The NHS is in crisis. 5.7 million people are waiting to start routine hospital treatment, this is the highest figure since records began in August 2007. These delays cause real suffering.
Those who can, go for private treatment. This exacerbates health inequalities and suggests that Boris Johnson’s levelling-up is just empty rhetoric.
Even before the pandemic we had poorer cancer care outcomes than in comparable developed countries. Now we have a cancer care crisis: we desperately need more staff, including more oncology doctors.
One of the requirements to improve cancer care is to speed up the diagnosis. The Government has promised 40 new diagnostic centres. But where is the staff for these centres? There is already a shortage of staff in those professional roles that enable the diagnosis of cancer such as radiographers, radiologists and histopathologists.
Some of the abusive behaviour has been fuelled by false allegations that GPS do not try to see as many patients as possible. The British Medical Association (BMA) has criticised an article in the Telegraph that appeared to justify the abusive behaviour.
This assault on healthcare workers is sapping morale. As Dr Paul McNamara put it “The pre-pandemic hero claps have been replaced by insults and slaps”.
The Conservatives have been in power since 2010: in 2015 they promised 5,000 more GPs by 2020. However, by March 2021 there were 1,307 fewer GPs than in 2015, whilst the number of patients has increased.
The staffing crisis has been compounded by Brexit. It is now more difficult to recruit doctors and nurses from the EU. I moved from Italy in 1985 because of the EU’s freedom of movement, and I subsequently worked as an NHS doctor for 33 years.
Whilst membership of the EU is no panacea, it would help to reduce inequalities between countries. In England the number of doctors per 1,000 people is only 2.8, as opposed to an average of 3.7 in EU countries. The BMA estimates that England needs an extra 50,000 doctors.
Boris Johnson’s mismanagement of Covid has made the NHS crisis worse. A parliamentary report on his management of Covid has described it as “one of the most important public health failures the United Kingdom has ever experienced.”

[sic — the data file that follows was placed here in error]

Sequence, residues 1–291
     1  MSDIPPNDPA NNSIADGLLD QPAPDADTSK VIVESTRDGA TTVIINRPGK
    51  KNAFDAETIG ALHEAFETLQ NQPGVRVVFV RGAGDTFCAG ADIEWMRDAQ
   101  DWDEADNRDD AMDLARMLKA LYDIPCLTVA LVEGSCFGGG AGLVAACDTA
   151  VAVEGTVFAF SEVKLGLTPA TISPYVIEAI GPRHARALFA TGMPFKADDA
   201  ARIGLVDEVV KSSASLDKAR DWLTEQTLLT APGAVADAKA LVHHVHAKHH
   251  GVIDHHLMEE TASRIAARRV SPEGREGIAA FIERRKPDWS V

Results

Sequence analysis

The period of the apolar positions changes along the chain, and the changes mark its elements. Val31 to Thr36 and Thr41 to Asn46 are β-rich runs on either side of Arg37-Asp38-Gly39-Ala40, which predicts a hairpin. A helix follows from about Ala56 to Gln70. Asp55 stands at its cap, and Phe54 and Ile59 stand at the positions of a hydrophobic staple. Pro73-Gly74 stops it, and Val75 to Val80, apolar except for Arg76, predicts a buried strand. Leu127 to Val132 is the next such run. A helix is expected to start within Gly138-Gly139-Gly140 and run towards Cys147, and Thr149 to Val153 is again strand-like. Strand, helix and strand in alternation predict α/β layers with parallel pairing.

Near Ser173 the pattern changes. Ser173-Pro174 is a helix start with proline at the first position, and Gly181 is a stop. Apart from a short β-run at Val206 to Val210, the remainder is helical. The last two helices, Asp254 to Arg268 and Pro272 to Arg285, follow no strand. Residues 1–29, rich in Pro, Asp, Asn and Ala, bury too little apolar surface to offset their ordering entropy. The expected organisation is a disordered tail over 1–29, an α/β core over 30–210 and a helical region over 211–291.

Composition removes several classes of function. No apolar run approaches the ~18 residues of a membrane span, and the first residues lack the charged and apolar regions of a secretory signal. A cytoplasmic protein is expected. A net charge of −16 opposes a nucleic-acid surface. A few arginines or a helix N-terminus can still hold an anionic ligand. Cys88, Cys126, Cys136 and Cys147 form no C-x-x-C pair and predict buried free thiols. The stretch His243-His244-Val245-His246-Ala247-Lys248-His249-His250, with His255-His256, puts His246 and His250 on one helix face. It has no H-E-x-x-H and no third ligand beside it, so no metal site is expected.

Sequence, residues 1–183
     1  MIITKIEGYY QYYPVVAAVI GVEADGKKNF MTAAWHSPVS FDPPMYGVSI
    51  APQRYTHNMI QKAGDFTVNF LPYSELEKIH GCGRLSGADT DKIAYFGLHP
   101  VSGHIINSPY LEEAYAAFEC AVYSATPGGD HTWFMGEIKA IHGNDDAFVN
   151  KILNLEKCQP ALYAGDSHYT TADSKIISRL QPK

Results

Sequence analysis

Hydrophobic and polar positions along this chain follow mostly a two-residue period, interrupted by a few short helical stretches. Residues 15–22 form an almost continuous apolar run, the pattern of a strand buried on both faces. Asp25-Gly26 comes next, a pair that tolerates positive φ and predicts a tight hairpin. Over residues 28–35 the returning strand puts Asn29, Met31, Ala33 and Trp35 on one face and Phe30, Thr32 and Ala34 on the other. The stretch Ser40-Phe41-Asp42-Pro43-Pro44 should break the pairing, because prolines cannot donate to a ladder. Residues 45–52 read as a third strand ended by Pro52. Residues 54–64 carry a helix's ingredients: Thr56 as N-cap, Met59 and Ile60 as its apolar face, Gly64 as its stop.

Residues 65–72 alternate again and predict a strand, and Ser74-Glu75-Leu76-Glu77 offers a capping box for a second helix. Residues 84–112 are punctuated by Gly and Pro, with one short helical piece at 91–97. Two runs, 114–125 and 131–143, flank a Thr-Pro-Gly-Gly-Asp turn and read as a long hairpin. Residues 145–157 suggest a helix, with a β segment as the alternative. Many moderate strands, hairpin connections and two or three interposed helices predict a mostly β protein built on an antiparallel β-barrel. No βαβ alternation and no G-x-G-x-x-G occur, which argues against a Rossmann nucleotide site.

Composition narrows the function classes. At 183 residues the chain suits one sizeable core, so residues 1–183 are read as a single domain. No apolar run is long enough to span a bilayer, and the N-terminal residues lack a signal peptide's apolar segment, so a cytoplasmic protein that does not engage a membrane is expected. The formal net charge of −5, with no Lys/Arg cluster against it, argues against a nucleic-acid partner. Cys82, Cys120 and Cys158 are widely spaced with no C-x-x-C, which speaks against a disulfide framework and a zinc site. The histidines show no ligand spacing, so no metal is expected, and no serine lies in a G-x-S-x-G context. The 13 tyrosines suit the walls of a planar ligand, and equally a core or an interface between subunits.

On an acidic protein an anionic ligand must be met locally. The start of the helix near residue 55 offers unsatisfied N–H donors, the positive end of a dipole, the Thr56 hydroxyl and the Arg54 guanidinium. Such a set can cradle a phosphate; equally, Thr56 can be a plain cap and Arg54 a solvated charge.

The title of the parliamentary report is Coronavirus: lessons learned to date. The problem is that lessons have not been learnt: the same fatalism is persisting. England has been exceptional in abandoning the use of face masks in July and not requiring vaccine passports to access crowded venues, whilst schools were left without any mitigation strategies. This was the so-called Plan A.
Boris Johnson subsequently suggested that tougher measures (so-called “plan B”) may only be required at a later stage.
This is not the approach taken by other European countries, like Italy, which maintained the mandatory use of face masks, implemented vaccine passports and had an earlier start with the vaccination of teenagers.
Throughout the summer the UK has been one of the European countries with the largest number of Covid cases and deaths. As a consequence, we have seen more than 700 Covid admissions per day since July. This number of hospital admissions, which is currently rising, has disrupted the NHS effort to catch up with the backlog.
The UK is now lagging behind in the vaccination rate. According to the Bloomberg vaccine website on 20th October twelve European countries have given one or more doses of vaccine to a larger proportion of the population.
Boris Johnson argues that Plan B is not required as he says that the pressure on the NHS is sustainable. The reality is that the current NHS pressure is harmful to patients.
Read more by Giuseppe Bignardi